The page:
Weird but wonderful. Although the foliage might give ‘Viridiflora’ away as a rose, itsare not instantly recognizable. Instead of having classic rose-like petals, the floiuers are made up of over-developed, modified called bracts.
Firm soil around mature plants that have been rocked by winter winds, as water could collect around the base and cause rot.
Watch out for early signs of.
Deadhead regularly. Spray against caterpillars. Water during dry spells.
Turn the tap on low and let the water trickle gently around the base of the plant to give it a good soaking.
Do not deluge the plant.
Plan new plantings and prepare new sites.
Plant new bushes.
not only helps to give a rose a good shape, but also maintains a healthy plant. Be sure your secateurs are sharp and cut just above an outward-facing bud, slanting the cut down and away from the bud. Prune ‘Viridiflora’ in early spring, aiming simply to tidy the bush. It does not need the severe given to cluster-flowered or Hybrid
Tea roses. Begin by removing all dead, diseased, weak and twiggy, back to healthy wood. Cut strong-growing shoots back to about a third of their length. ,
INDOOR DISPLAYS ‘Viridiflora’ is a good choice for dried flower decorations. Cut the flower spray with a long stalk when most of the buds are open and still looking fresh. Hang upside-down in the airing cupboard or place on trays of dry sand and leave to dry anywhere out of direct light and where air circulation is good.
This green rose has been found in gardens since the 1840s, when it was widely grown for its curiosity value. Today it is a favourite with flower arrangers. ‘Viridiflora’ is one of the smaller roses, only 90cm high and not much more across, so it is ideal forgrowing.
Planting and care
from specialist growers usually arrive bare rooted and can be planted from October to November or in winter as long as the ground is workable. Roses from garden centres are generally container grown. Buy and plant them in autumn if possible.
Dig a planting hole 45-60cm wide and deep enough so the bulging join ofstock and is at least 2.5cm below the soil.
Prepare the hole before planting by loosening the bottom with your garden fork. Put in a generous spadeful of well-rotted manure and add a handful of bone meal to the soil taken from the hole.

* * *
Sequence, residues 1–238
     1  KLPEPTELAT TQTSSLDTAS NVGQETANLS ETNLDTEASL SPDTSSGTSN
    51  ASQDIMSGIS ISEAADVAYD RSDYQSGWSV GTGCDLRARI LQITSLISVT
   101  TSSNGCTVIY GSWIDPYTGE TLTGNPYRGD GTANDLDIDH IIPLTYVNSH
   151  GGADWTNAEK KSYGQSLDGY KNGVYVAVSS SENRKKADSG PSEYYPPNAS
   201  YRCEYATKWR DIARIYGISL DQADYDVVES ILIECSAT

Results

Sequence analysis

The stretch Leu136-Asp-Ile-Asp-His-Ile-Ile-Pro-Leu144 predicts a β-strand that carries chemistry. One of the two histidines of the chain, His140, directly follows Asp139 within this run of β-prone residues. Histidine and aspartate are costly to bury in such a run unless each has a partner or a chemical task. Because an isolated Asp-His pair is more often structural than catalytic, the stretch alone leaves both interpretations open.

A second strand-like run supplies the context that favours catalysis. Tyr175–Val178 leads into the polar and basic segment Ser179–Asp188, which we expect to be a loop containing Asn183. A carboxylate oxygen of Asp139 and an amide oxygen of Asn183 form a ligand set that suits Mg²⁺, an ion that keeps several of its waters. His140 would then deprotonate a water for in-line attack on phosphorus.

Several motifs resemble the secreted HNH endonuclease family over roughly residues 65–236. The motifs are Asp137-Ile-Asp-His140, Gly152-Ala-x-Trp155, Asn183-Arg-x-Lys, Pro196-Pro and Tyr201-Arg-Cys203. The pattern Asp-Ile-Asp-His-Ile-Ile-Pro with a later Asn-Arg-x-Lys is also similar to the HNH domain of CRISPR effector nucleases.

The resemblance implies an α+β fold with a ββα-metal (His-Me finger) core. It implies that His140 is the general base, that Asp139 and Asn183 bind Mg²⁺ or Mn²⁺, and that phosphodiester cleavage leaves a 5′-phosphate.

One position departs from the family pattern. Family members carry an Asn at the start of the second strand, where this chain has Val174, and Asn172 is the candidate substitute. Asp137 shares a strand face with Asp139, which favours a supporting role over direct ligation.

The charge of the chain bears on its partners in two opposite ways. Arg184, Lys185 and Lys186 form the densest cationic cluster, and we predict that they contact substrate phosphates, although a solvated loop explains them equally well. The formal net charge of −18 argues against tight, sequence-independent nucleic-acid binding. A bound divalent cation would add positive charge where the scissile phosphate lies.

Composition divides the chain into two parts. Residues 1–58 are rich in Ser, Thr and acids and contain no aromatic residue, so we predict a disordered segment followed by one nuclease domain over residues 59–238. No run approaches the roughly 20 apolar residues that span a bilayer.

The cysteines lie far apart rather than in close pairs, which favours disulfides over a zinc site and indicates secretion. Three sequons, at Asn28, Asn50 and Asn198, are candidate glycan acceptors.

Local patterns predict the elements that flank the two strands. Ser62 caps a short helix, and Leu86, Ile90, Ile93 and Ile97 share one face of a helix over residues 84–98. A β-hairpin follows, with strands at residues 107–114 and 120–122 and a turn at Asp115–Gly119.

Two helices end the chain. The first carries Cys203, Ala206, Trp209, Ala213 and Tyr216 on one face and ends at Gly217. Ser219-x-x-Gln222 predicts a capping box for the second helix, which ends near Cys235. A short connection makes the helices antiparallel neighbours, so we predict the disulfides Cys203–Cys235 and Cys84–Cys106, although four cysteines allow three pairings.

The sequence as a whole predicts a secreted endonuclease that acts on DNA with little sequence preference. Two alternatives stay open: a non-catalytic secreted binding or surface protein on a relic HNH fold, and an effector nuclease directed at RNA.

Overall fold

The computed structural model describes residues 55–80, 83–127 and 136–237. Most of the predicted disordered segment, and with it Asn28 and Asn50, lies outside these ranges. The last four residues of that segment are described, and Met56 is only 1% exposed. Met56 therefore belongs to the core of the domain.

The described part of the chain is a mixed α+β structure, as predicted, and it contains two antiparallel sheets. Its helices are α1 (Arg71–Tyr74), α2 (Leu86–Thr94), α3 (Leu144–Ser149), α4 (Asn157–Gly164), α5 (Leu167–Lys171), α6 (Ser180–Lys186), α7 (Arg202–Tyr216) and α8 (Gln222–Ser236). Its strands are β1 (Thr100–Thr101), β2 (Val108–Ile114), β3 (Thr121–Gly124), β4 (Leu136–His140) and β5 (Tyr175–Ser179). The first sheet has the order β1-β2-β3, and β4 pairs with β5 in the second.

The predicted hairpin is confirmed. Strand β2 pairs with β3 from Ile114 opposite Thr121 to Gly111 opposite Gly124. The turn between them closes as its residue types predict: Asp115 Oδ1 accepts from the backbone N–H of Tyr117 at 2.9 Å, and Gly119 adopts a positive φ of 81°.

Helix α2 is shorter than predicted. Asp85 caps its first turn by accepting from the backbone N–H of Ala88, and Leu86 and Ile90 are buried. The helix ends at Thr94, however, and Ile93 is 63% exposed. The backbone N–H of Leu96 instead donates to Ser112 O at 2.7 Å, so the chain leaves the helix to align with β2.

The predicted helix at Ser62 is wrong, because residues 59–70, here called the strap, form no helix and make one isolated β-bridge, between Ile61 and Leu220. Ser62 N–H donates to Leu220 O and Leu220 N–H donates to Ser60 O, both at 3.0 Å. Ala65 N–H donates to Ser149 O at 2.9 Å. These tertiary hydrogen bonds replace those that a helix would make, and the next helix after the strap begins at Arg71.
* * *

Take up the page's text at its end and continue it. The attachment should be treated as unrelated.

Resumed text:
If the rose is bare rooted, cut back long or damaged. Fan out in the bottom of the hole. Work some soil between them to hold the plant in while backfilling the hole.
As you return the soil, gently wiggle the plant up and down to work earth around the roots. Firm with your heel.
When you have finished filling the hole, tread again and top-dress with a thick mulch (layer) of.
Deadhead (remove dead flower-heads) regularly. Remove the whole cluster when it has finished flowering by cutting back to the first bud just above a full, from where a new flowering can grow.
In heavy clay soil, roses can resist drought, but those grown in free-draining sandy or chalky soils benefit from regularin dry weather.
Can be grown in partial shade, or in a sunny bed or border where air circulates freely. Do not plant new roses in an old rose-bed; always choose a new site or replace soil SOIL
Slightly acid, clay soil is ideal. Improve other types by digging in well-rotted manure or compost CARE
Water during dry spells. Feed by top-dressing the soil with rose fertilizer or a foliar. Deadhead (remove dead flower-heads) regularly and each spring.
Full sun-partial shade.
Heavy, ideally clay soil.
Many rose growers find this novel plant irresistible. The ‘flowers’ change from green to mottled brown as they age.
On the whole ‘Viridiflora’ is not affected by diseases. It is hardy and resistant and blooms continuously during summer, so the flowers can be freely harvested for indoor decoration. Be alert for pests.
may on new flower buds during early summer. Pick off small numbers or blast them off with a jet of water, but begin spraying immediately you spot large numbers. Later on watch out for caterpillars damaging foliage, and pick off or spray them.